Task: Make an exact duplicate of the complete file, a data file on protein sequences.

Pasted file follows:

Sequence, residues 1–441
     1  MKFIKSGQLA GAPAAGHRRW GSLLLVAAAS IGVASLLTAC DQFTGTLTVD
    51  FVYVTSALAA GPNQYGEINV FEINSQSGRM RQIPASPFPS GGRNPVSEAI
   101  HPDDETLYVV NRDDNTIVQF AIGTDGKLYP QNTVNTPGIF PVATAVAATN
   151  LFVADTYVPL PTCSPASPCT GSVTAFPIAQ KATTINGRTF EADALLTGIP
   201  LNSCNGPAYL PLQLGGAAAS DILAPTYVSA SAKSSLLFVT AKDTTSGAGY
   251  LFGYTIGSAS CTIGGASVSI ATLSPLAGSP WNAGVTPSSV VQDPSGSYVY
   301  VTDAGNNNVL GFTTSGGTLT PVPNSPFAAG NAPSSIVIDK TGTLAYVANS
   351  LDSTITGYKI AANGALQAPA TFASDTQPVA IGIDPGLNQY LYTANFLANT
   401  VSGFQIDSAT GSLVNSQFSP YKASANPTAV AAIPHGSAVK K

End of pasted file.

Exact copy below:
Sequence, residues 1–441
     1  MKFIKSGQLA GAPAAGHRRW GSLLLVAAAS IGVASLLTAC DQFTGTLTVD
    51  FVYVTSALAA GPNQYGEINV FEINSQSGRM RQIPASPFPS GGRNPVSEAI
   101  HPDDETLYVV NRDDNTIVQF AIGTDGKLYP QNTVNTPGIF PVATAVAATN
   151  LFVADTYVPL PTCSPASPCT GSVTAFPIAQ KATTINGRTF EADALLTGIP
   201  LNSCNGPAYL PLQLGGAAAS DILAPTYVSA SAKSSLLFVT AKDTTSGAGY
   251  LFGYTIGSAS CTIGGASVSI ATLSPLAGSP WNAGVTPSSV VQDPSGSYVY
   301  VTDAGNNNVL GFTTSGGTLT PVPNSPFAAG NAPSSIVIDK TGTLAYVANS
   351  LDSTITGYKI AANGALQAPA TFASDTQPVA IGIDPGLNQY LYTANFLANT
   401  VSGFQIDSAT GSLVNSQFSP YKASANPTAV AAIPHGSAVK K